How can you find an online bank which really has no fees?
The good news is that there are a number of respected sources for this information. They include MyBankTracker, BankRate.com, CNN Money and ConsumerSearch.com. You can retrieve on the Internet their general information and reviews of specific online banks. You have to check the dates carefully on each analysis since the data and perspective could be out-of-date but still have a high ranking on search engines. Online banking, also called Internet and Direct Banking, is a dynamic field where things are changing rapidly.
The bad news is that “No Fees” has become a phrase which doesn’t really tell consumers much about what services have no fees, which do, and for how long will the bank maintain those policies. That means two things for you, the consumer.
One, you have to read line by line what has no fee, ask questions by email or phone, and dig around for information about the bank’s history of frequent changes in its fee structure. In addition, you have to calculate what the tradeoffs are and which matter to you. For example, one online bank may have fewer no-fee categories than another. But the fees it does have for overdrafts and stop-payments are lower and its interest rate is higher for both checking and savings. Also, its customer service may be superior. You may opt for those features in exchange for paying fees for what a number of other banks give a free pass to.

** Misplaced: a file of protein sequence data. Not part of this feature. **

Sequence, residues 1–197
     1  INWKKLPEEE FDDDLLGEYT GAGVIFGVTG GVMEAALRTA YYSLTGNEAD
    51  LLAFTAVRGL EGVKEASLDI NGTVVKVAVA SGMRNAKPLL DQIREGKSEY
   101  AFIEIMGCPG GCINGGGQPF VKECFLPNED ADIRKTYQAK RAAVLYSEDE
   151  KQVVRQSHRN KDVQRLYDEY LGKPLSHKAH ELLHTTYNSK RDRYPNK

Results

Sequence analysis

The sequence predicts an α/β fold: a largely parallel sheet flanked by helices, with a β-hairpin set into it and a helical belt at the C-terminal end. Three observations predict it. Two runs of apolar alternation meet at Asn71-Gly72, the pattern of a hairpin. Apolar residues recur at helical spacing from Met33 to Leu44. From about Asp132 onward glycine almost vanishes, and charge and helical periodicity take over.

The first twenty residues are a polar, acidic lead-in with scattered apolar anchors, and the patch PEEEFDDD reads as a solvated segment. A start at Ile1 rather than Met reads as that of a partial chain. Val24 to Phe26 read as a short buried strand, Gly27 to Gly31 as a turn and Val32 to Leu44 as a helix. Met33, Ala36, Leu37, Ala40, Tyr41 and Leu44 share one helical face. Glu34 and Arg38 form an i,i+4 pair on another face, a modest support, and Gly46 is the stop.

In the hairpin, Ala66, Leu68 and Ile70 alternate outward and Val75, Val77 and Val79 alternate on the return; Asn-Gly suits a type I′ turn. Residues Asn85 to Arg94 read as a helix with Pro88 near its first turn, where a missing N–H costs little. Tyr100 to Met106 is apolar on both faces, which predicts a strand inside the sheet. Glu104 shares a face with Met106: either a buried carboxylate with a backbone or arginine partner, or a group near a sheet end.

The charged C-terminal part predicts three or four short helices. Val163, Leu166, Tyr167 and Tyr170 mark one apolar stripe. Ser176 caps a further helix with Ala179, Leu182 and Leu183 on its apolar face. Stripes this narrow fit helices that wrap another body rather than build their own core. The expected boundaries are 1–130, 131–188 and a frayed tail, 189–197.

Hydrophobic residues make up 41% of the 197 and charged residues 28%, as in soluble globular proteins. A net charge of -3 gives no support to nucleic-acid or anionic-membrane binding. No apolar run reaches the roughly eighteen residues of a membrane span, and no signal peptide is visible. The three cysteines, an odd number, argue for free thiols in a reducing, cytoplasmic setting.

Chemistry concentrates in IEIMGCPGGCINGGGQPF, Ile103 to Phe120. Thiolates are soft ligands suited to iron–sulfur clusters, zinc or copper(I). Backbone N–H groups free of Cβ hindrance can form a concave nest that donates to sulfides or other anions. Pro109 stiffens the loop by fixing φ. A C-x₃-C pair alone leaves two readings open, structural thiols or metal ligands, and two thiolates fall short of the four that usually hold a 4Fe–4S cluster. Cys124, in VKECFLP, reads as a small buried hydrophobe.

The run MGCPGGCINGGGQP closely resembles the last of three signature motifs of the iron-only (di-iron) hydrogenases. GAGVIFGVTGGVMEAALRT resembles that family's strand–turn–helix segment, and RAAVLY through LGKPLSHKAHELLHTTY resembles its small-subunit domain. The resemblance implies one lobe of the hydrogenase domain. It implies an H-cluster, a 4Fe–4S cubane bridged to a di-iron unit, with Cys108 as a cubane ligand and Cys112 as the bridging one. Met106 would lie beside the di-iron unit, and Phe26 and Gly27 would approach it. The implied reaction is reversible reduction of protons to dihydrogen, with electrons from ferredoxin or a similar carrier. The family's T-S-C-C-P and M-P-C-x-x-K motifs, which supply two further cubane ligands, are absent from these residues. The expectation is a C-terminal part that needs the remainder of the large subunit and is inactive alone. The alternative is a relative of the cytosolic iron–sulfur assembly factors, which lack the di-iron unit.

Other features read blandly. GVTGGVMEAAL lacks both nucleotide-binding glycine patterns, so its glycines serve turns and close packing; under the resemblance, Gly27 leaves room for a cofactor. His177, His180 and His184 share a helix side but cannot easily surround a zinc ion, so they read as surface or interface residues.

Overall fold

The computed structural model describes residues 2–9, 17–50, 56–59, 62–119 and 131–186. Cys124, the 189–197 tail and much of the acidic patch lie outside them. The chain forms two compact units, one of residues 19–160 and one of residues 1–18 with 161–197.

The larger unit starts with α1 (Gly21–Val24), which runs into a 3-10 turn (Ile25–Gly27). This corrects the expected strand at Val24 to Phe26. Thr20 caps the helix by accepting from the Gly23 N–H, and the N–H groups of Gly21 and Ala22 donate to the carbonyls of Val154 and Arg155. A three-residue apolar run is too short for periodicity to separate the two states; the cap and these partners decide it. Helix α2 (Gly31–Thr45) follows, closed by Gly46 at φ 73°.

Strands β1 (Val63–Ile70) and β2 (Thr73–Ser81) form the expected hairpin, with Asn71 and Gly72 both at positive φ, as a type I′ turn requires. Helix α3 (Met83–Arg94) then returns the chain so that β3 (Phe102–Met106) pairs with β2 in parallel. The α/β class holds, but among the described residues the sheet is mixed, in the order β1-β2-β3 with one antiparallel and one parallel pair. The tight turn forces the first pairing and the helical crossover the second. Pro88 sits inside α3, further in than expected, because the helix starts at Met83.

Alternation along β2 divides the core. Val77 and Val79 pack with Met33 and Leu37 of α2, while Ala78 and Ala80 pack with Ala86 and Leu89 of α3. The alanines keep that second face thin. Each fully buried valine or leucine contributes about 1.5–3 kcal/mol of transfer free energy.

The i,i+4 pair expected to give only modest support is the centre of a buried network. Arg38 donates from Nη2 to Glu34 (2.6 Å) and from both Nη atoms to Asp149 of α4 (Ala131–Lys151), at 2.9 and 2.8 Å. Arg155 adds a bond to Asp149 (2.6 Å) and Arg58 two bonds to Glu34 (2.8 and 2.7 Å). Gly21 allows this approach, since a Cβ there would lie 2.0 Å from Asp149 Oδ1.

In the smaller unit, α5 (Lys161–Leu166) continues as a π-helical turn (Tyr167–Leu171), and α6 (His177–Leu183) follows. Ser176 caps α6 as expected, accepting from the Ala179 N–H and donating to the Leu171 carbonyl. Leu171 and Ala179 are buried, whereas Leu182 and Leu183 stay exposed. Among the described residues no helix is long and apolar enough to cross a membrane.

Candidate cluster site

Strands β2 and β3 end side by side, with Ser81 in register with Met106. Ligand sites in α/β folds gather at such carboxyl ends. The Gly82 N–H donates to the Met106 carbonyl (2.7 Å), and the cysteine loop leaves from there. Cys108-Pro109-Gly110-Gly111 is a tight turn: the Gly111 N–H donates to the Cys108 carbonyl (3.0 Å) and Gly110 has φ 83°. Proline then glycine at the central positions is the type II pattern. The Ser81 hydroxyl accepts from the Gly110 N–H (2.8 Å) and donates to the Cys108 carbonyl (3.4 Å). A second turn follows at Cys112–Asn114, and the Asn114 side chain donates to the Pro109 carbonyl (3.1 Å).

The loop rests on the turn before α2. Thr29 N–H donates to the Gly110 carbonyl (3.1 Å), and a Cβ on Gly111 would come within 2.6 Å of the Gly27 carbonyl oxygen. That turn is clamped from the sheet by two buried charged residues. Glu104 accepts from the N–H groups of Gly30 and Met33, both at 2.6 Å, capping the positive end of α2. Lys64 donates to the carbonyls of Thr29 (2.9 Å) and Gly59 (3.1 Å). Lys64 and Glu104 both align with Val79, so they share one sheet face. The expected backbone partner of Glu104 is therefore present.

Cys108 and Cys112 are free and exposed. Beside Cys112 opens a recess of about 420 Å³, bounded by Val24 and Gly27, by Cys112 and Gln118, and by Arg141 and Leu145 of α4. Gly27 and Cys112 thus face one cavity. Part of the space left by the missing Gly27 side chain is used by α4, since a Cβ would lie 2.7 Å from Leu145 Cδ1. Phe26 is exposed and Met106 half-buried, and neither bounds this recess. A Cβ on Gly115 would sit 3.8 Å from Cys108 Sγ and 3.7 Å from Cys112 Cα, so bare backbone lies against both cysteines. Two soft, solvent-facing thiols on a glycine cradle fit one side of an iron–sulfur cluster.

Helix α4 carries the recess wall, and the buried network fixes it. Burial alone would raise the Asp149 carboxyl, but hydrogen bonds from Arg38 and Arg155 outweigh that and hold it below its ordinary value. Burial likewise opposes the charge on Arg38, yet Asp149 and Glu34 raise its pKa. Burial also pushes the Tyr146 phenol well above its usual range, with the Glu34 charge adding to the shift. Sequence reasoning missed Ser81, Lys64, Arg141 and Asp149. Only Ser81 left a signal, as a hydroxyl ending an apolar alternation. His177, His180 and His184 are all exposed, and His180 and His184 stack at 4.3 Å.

Here are the categories which may or may not have no fees. Verify with customer service that what you saw in an advertisement or read in reviews by a rating service or actual users is accurate.
- Monthly fee
- ATM fees. Are those charged by other banks reimbursed?
- Transfers with other banks
- Deposits of checks that are scanned
- Waiver of some fees in exchange for such things as having employment check direct-deposited or maintaining a monthly balance
- Overdrafts, up to what dollar amount
- Postage, if check is snail-mailed
- Inactivity in account
- Coverage by FDIC or NCUA
All this becomes even more important to you the consumer because some experts recommend that you maintain a savings account in a brick-and-mortar bank which is linked to your online checking account. That ensures you can easily transfer funds when you need to. They contend that sometimes the release of funds from online banking isn’t as quick or efficient as with brick-and-mortar. That brick-and-mortar facility could be part of the same online bank. Or it can be your old neighborhood bank. Maintaining that savings account in brick-and-mortar could, in itself, result in fees. That’s because, given the high cost structure of brick-and-mortar, they are known for imposing penalties for not maintaining a certain balance or large and/or frequent withdrawals.
As with most financial decisions, make this one carefully and don’t fall for a “teaser” menu of just about everything free. If it seems too good to last very long, it probably is. And switching your online accounts later to another financial institution could be inconvenient and cost you more in the end.